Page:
4042 tives in the subpattern, a compile-time error occurs.
4043
4044 There are four kinds of condition: references to subpatterns, refer-
4045 ences to recursion, a pseudo-condition called DEFINE, and assertions.
4046
4047 Checking for a used subpattern by number
4048
4049 If the text between the parentheses consists of a sequence of digits,
4050 the condition is true if the capturing subpattern of that number has
4051 previously matched.
4052
4053 Consider the following pattern, which contains non-significant white
4054 space to make it more readable (assume the PCRE_EXTENDED option) and to
4055 divide it into three parts for ease of discussion:
4056
4057 ( \( )? [^()]+ (?(1) \) )
4058
4059 The first part matches an optional opening parenthesis, and if that
4060 character is present, sets it as the first captured substring. The sec-
4061 ond part matches one or more characters that are not parentheses. The
4062 third part is a conditional subpattern that tests whether the first set
4063 of parentheses matched or not. If they did, that is, if subject started
4064 with an opening parenthesis, the condition is true, and so the yes-pat-
4065 tern is executed and a closing parenthesis is required. Otherwise,
4066 since no-pattern is not present, the subpattern matches nothing. In
4067 other words, this pattern matches a sequence of non-parentheses,
4068 optionally enclosed in parentheses.
4069
4070 Checking for a used subpattern by name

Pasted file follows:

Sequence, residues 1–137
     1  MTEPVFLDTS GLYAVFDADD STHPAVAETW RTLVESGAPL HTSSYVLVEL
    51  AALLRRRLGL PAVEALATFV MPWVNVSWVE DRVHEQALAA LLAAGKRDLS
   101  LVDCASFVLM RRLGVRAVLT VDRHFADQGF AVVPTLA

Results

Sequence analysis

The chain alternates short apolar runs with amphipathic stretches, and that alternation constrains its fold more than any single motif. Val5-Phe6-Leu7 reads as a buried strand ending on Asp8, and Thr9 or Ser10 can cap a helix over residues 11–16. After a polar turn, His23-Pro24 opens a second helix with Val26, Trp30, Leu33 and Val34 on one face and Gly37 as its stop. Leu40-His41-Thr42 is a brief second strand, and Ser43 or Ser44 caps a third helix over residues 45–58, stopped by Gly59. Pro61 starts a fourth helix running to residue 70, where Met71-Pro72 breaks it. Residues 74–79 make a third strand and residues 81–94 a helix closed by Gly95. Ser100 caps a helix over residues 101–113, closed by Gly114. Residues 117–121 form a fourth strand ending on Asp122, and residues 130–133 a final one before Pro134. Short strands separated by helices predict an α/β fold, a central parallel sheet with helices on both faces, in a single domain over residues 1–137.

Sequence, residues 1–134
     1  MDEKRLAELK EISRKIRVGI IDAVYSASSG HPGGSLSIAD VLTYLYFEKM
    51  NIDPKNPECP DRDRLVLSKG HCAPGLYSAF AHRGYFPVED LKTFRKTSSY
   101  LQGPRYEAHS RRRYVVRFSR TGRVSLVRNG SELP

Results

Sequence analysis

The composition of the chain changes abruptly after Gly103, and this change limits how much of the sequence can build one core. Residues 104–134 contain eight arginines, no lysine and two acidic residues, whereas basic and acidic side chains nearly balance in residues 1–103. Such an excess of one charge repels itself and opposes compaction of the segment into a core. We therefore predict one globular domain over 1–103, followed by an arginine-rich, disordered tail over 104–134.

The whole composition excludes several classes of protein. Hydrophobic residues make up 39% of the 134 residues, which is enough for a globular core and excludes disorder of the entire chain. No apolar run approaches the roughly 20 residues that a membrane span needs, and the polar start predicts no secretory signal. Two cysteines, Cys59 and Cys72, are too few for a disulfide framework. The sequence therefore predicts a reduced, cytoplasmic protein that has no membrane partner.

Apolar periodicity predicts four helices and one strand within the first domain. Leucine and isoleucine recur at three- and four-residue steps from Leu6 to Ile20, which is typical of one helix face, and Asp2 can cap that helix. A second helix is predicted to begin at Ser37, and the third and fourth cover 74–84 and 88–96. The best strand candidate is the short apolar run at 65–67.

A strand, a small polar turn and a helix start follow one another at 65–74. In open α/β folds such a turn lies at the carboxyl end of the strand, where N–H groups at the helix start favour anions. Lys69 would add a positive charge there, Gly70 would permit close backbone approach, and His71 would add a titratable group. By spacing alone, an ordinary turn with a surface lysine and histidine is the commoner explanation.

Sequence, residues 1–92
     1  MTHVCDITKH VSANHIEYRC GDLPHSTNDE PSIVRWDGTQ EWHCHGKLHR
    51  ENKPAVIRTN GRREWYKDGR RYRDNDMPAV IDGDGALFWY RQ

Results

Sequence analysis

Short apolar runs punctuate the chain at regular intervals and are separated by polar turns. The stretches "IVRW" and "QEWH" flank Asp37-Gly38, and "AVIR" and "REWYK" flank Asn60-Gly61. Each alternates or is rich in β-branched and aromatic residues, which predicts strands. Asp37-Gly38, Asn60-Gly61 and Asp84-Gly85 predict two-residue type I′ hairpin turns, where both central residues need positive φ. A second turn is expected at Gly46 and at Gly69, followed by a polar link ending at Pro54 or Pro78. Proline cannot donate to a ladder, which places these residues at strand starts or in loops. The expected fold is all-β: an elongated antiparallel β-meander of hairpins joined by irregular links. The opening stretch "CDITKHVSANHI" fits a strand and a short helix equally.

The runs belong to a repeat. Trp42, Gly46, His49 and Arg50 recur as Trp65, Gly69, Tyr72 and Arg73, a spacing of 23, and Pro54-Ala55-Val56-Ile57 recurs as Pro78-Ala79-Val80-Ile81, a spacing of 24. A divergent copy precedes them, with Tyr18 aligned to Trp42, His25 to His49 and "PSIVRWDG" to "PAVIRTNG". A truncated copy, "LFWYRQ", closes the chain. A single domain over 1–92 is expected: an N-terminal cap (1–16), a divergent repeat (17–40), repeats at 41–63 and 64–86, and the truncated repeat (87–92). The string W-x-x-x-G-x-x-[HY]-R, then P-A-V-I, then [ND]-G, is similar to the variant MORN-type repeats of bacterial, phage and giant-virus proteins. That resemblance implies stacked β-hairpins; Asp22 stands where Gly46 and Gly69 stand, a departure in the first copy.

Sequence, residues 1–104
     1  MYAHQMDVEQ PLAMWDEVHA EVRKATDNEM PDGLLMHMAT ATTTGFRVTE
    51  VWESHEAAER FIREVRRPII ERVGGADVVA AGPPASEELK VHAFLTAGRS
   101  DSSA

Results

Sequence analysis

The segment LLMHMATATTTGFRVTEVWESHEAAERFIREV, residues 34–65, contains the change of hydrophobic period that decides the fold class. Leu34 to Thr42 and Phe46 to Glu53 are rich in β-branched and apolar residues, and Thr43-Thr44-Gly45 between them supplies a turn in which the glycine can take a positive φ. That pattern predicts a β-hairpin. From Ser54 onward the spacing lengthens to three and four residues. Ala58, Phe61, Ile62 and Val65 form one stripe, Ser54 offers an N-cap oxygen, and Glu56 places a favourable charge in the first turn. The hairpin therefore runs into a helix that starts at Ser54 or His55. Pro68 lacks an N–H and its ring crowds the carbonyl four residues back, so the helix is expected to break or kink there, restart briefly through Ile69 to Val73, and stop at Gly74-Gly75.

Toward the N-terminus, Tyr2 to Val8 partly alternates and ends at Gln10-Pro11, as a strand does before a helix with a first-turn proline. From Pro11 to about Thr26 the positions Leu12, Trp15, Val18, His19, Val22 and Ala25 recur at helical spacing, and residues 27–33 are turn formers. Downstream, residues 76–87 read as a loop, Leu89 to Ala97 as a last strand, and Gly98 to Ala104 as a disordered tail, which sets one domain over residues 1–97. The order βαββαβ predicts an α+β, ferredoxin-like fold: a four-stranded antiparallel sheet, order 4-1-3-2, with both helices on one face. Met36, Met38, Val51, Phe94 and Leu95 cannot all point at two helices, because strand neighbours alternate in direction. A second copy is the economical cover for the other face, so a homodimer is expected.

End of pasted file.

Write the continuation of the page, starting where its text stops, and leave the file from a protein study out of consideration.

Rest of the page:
4071
4072 Perl uses the syntax (?(<name>)...) or (?('name')...) to test for a
4073 used subpattern by name. For compatibility with earlier versions of
4074 PCRE, which had this facility before Perl, the syntax (?(name)...) is
4075 also recognized. However, there is a possible ambiguity with this syn-
4076 tax, because subpattern names may consist entirely of digits. PCRE
4077 looks first for a named subpattern; if it cannot find one and the name
4078 consists entirely of digits, PCRE looks for a subpattern of that num-
4079 ber, which must be greater than zero. Using subpattern names that con-
4080 sist entirely of digits is not recommended.
4081
4082 Rewriting the above example to use a named subpattern gives this:
4083
4084 (?<OPEN> \( )? [^()]+ (?(<OPEN>) \) )
4085
4086
4087 Checking for pattern recursion
4088
4089 If the condition is the string (R), and there is no subpattern with the
4090 name R, the condition is true if a recursive call to the whole pattern
4091 or any subpattern has been made. If digits or a name preceded by amper-
4092 sand follow the letter R, for example:
4093
4094 (?(R3)...) or (?(R&name)...)
4095
4096 the condition is true if the most recent recursion is into the subpat-
4097 tern whose number or name is given. This condition does not check the
4098 entire recursion stack.
4099
4100 At "top level", all these recursion test conditions are false. Recur-
4101 sive patterns are described below.
4102
4103 Defining subpatterns for use by reference only
4104
4105 If the condition is the string (DEFINE), and there is no subpattern
4106 with the name DEFINE, the condition is always false. In this case,
4107 there may be only one alternative in the subpattern. It is always
4108 skipped if control reaches this point in the pattern; the idea of
4109 DEFINE is that it can be used to define "subroutines" that can be ref-